When I graduated high school, my dad offered me some choices of graduation presents. We were not wealthy by any monetary measure, not by a long shot. So his offer to take me to Canada on a fishing trip meant expenses our family would feel. But off we set on a 26-hour road trip one way, four of us in an International Scout packed to near bursting like a tick on a hound dog in summer.
Our expectations were high after years of seeing the pictures in all the popular outdoor magazines, all of which we subscribed to. The brochure of our camp of choice had shown freshly painted, immaculate cabins, shiny new boats, guides and stringers full of fish. But upon arrival we found dilapidated, mouse-infested, leaking cabins, a run-down camp store, beat up boats … and no guides. We also caught very few fish. It was still a fun adventure, but our expectations had not been met. Maybe they had been unrealistic?
Lately, I have found myself talking more and more to landowners who have been disappointed in their wildlife plantings. Many times these plantings have been “pollinator projects.” It has reached a point where some conservation professionals have become hesitant to promote pollinator plantings. I have planted quite a few myself – meaning me with partners out in the field preparing seed beds, mixing seed, and conducting multiple site visits for follow-up on multiple projects. I have enjoyed varying degrees of success, but would generally rate 90% or better as projects with good results. And in most cases, where results were not good, we had cut corners on proper establishment techniques. There are some keys to getting good results that I will mention later, but right now I want to address managing expectations.
I fear some wildlife professionals might be guilty of over-selling, or improperly selling, pollinator planting projects. First off, just about every picture a landowner sees of pollinator plantings is one showing a beautiful field of wildflowers in perfect bloom, many times with bumblebees or butterflies on some of the spectacular flowers. This is not helped by magazines that foster the utopian view of such plantings. This sometimes does happen, but guess what – in most cases when you plant wildflowers, the native seedbank – meaning those seeds naturally in that soil for perhaps decades, will also join the party. Believe it or not – not all of them have beautiful flowers. Ragweed, for example, often shows up. There is not a better plant in the world for quail, but it ain’t pretty and does nothing for pollinators. Horseweed is another common culprit of “plainness.” A few landowners go aghast that flowers other than yellow, red and blue somehow show up in the plantings. This year, common fleabane with tiny white flowers was ubiquitous in many pollinator plantings I saw. While it is not real showy, it is used heavily by a lot of small native bees.
I think one thing that can be done to manage expectations is to use a variety of photos to promote these plantings, not just the perfect ones. Landowners need to know that pollinator plantings are not “pollinator gardens.” Professionals also need to highlight the value of some of the non-planted “weeds” that show up for free. Basically, we just need to be honest about expected results, possible issues, and the need for long-term management, which may include addressing non-native invasive plants, too.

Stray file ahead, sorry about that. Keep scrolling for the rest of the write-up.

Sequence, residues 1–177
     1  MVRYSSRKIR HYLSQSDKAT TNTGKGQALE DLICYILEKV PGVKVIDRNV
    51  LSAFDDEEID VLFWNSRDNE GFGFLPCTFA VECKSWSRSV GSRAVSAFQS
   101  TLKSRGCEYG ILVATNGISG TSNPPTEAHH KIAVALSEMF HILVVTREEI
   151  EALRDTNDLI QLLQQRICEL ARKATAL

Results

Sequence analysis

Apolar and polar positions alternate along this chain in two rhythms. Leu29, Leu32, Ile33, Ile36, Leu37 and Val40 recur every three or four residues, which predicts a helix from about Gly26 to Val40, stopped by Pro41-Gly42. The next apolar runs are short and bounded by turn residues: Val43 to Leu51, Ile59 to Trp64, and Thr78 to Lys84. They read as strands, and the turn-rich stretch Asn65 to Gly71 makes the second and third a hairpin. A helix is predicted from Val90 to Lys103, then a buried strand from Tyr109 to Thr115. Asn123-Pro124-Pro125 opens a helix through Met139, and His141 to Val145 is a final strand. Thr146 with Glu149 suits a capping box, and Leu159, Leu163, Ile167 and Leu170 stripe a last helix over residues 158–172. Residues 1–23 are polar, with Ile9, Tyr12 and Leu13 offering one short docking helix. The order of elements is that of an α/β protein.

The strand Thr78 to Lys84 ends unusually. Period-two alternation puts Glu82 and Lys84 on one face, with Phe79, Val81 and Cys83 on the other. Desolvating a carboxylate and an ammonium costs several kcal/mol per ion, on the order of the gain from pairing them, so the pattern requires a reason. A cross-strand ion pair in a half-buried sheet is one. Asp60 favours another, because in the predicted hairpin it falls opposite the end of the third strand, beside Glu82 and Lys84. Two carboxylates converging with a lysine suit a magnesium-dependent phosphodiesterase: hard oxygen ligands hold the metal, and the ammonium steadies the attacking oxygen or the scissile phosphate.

So here are a few of my suggestions for those interested in developing successful pollinator plantings (or other wildlife plantings in many cases).
- As the landowner – avoid the utopian vision of how the project will turn out. Pollinator plantings require a lot more than “just adding water.”
- Scout the site properly and look for potential invasive species that could derail a project. If the proposed site is infested with Johnson grass, sericea lespedeza, Bermuda grass, or other such hard-to-manage invasives, consider another site if available. If not, be realistic. Will the expense and time required to address such sites “pay off” in the end? One way to deal with the invasives would be to plant the area to an herbicide compatible crop for several years to gain control over the invasives well before starting the pollinator planting.
- Have patience. Properly preparing for and implementing a pollinator planting can take a couple years if it is done correctly. The project may require several herbicide treatments, and/or cover crop plantings to get the area “right” for pollinator mixture seeding.
- Prepare a very good, firm seedbed. This usually requires culti-packing before and after seeding if planting on disked ground.
- Make sure you have the time and equipment to properly implement the planting, or have the means to hire a wildlife planting contractor that is knowledgeable and capable of seeing the project through.
- Learn to identify “good” weeds and wildflowers that you do not plant, and accept them as welcome and free additions to your plantings.
If a pollinator garden is truly what you want, pick a small site that can be weeded by hand, because over time that will be required. Most pollinator gardens are also implemented using potted plants, not seeds. Work with a good biologist to develop a list of plants you’d like to have and develop a plan for how they should be arranged. The plan should include sources and best planting times.
My last piece of advice involves being honest with yourself. If you want to be in the quail business, or even in the pollinator business, and you cannot tolerate a few native weeds and some unkemptness to your property, you may want to reconsider and spend your time and money elsewhere.